In retrospect, anime fans might notice that the overall mix-and-match style of the show is very similar to Gintama. (Samurai Pizza Cats came out first, so it would be more accurate to say that Gin Tama is similar to Samurai Pizza Cats.) Gin Tama justifies its modern/ Meiji Restoration-era mixture with alien invasions; the world of Samurai Pizza Cats is what it is for no apparent reason. It just is.
The show Steel Samurai from the video game Ace Attorney: Phoenix Wright also has this same futuristic/ medieval feel to it.
In the original Japanese version, the city where our heroes live is called Edoropolis — a name which borrows Edo, the old Japanese name for feudal-era Tokyo. The Samurai Pizza Cats version is called Little Tokyo; it is not related to the Japanese American neighborhood in Los Angeles.
With Polly in the third spot, it fits the typical “main character/ rival/ girl” three-person team pattern found in Naruto and elsewhere in anime.
Polly can sometimes feel like something of a token female. She uses “the power of love” in battle. She has a heart-shaped shuriken and her personality has been described as bossy and sometimes hot-tempered, which is not uncommon for heroines in comedy-adventure/ shonen shows such as this.
Polly is not the only female member of the team, of course. There is also Francine, the owner of the Pizza Cat Restaurant where the Samurai Pizza Cats are headquartered. She is often busy behind-the-scenes; for example, she operates the gun-shaped cannon which shoots the main heroes to where they are needed.
Lucille the sheep is a love interest for both Speedy and Guido. (Later on in the series, this changes. By the end of the series, Speedy and Polly are starting to look like a possible couple.)
Princess Vi, or Princess Violet, is the daughter of the emperor. She has been described as a spoiled brat.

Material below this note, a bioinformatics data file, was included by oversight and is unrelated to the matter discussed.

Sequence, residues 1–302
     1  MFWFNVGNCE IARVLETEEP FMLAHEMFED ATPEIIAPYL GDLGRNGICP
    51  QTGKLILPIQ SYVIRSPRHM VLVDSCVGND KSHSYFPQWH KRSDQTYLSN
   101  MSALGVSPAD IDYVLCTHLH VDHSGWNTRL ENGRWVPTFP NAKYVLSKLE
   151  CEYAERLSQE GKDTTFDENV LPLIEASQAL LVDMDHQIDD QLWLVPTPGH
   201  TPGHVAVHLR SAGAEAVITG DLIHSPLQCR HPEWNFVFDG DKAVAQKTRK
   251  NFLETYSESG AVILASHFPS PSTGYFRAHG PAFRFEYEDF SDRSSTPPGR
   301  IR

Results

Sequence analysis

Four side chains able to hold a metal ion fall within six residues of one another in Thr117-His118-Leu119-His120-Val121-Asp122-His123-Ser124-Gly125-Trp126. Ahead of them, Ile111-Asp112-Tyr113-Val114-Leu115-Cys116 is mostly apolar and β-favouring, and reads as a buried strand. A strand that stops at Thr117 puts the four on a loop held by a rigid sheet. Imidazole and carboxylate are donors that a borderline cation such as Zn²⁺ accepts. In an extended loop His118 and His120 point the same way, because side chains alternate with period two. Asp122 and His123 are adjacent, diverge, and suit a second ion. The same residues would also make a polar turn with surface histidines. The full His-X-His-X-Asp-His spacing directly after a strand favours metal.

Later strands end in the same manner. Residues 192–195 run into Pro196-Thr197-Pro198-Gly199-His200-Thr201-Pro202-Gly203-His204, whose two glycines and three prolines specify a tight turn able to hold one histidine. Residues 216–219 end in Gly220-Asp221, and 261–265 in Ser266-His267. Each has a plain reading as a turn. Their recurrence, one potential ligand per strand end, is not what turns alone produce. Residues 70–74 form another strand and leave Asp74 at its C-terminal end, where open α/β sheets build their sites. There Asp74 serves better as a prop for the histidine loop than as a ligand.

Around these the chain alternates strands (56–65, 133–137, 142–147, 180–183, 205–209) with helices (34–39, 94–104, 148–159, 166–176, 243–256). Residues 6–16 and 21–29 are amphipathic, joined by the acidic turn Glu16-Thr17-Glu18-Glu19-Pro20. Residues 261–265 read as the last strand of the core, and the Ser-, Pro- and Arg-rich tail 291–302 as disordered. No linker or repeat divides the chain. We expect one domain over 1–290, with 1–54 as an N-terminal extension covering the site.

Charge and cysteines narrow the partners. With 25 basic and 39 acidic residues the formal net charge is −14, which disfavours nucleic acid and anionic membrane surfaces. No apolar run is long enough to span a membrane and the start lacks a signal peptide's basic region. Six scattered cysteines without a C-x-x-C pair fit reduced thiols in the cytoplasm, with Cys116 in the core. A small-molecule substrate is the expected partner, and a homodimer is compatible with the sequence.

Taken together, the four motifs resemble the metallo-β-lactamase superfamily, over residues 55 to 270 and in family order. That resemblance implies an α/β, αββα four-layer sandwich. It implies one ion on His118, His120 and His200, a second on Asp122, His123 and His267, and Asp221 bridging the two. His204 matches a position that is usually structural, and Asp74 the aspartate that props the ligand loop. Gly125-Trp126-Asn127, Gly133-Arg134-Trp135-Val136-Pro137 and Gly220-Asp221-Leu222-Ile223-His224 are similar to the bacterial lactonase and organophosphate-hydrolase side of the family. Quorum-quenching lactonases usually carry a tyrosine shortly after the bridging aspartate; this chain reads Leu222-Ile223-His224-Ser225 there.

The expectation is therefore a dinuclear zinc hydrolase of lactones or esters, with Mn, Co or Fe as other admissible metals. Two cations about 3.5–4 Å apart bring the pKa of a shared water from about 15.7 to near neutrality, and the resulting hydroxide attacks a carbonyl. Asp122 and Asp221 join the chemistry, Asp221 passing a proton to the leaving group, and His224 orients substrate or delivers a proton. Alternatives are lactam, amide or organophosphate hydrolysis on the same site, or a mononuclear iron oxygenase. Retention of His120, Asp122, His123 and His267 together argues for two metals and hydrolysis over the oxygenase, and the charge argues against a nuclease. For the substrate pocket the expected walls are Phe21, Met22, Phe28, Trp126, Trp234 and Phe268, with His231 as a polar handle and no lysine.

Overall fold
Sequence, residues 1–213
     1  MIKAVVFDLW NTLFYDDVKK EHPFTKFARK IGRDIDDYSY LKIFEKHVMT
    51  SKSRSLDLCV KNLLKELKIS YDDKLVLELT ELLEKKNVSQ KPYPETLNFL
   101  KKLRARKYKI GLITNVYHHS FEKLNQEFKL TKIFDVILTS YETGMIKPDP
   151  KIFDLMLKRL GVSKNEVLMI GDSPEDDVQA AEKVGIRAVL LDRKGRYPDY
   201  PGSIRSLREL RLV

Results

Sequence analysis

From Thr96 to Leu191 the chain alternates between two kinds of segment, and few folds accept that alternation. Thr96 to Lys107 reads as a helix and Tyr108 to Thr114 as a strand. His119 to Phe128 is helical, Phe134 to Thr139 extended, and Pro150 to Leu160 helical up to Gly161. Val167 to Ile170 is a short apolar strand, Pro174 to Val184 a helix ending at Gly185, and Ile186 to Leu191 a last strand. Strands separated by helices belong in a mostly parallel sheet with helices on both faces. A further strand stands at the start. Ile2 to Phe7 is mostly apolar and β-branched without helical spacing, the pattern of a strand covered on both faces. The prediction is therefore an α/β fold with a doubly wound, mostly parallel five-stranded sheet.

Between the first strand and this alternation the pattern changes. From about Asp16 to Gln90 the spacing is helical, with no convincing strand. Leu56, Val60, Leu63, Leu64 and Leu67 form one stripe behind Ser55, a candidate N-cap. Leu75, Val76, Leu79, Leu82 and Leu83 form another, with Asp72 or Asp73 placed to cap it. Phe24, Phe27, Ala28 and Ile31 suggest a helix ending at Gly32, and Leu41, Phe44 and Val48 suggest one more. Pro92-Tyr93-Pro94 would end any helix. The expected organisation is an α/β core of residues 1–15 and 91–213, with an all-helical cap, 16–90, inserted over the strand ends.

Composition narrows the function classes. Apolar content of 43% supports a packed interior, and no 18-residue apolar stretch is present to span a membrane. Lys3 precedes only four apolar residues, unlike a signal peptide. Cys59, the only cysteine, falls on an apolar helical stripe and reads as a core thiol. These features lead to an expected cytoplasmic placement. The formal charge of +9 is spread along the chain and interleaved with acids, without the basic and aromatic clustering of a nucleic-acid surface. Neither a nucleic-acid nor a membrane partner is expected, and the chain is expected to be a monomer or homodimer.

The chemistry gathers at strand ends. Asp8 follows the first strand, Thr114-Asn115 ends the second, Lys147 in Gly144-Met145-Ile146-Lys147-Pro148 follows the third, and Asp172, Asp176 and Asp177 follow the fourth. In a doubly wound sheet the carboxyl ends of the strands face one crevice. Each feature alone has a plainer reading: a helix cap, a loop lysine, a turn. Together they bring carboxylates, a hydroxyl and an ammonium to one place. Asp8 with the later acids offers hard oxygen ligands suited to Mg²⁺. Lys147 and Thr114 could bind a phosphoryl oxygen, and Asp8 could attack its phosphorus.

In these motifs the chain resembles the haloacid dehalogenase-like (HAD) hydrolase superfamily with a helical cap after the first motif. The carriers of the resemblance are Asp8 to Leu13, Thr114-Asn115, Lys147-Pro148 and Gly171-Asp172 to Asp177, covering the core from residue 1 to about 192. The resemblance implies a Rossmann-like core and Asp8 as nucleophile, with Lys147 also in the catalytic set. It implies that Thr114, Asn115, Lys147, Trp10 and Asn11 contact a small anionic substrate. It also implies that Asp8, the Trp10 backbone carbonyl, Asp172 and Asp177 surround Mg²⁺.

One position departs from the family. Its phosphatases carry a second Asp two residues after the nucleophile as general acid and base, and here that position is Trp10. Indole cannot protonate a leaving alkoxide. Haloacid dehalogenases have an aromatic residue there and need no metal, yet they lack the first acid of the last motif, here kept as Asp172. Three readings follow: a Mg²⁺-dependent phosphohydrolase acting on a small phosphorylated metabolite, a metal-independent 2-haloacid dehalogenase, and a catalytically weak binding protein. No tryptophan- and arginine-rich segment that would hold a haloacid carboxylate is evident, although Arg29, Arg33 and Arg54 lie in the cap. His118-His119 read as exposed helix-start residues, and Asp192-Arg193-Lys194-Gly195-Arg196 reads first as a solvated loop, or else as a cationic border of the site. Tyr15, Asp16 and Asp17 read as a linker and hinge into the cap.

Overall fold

The main villain is the Big Cheese, but he has plenty of help. He is also the commander of the Ninja Crows.
While the bad guys have henchmen (or hench-birds), the Samurai Pizza Cats also have helpers of their own — the Rescue Team. The Rescue Team includes General Catton, Bat Cat, Meowzma O’ Tool and Spritz T. Cat.
Generally, the Rescue Team only shows up when the main three hero cats are in trouble and call for help. Bat Cat specializes in flying, Meowzma O’ Tool is a digger and Spritz T. Cat is a water cat.
There is also a New York branch of the Samurai Pizza Cats — the New York Pizza Cats. The New York cats are the Sundance Kid, Dee-Dee and Cosmo (Michael, Madonna and Prince in Japanese).
Samurai Pizza Cats is one of those shows where the Narrator might be considered a character of sorts. He can interact with the other characters, as the show destroys the Fourth Wall on a regular basis. The Narrator is sarcastic and will comment on plot holes.
In 1991, Tecmo made a video game based on Kyatto Ninden Teyandee, the Japanese version of the series. The Japanese-only game was designed for Nintendo’s Family Computer (“Famicom”) and Tecmo never made an official U.S. version of the game.
Americans have been adapting anime and other Japanese pop culture since at least the 1950s – and Western borrowing of Japanese culture goes back before that.
For example, Monet and other Impressionists admired, studied and imitated Japanese art. You can see Japanese art in the background of a Vincent Van Gogh self-portrait. Gilbert and Sullivan’s The Mikado also dates back to this same period.
When Godzilla, King of the Monsters! Was brought to the United States in 1956, Raymond Burr was added as reporter Steve Martin (no, not that Steve Martin).
Mach GoGoGo became Speed Racer (1967), with some name changes and awkward dialogue where they tried to make the animation match the voices.
Science Ninja Team Gatchaman became Battle of the Planets, with scenes added and old scenes taken out. Robotech started out as a combination of three anime series.
Samurai Pizza Cats is a silly and funny addition to this history.
Samurai Pizza Cats is available on Crunchyroll.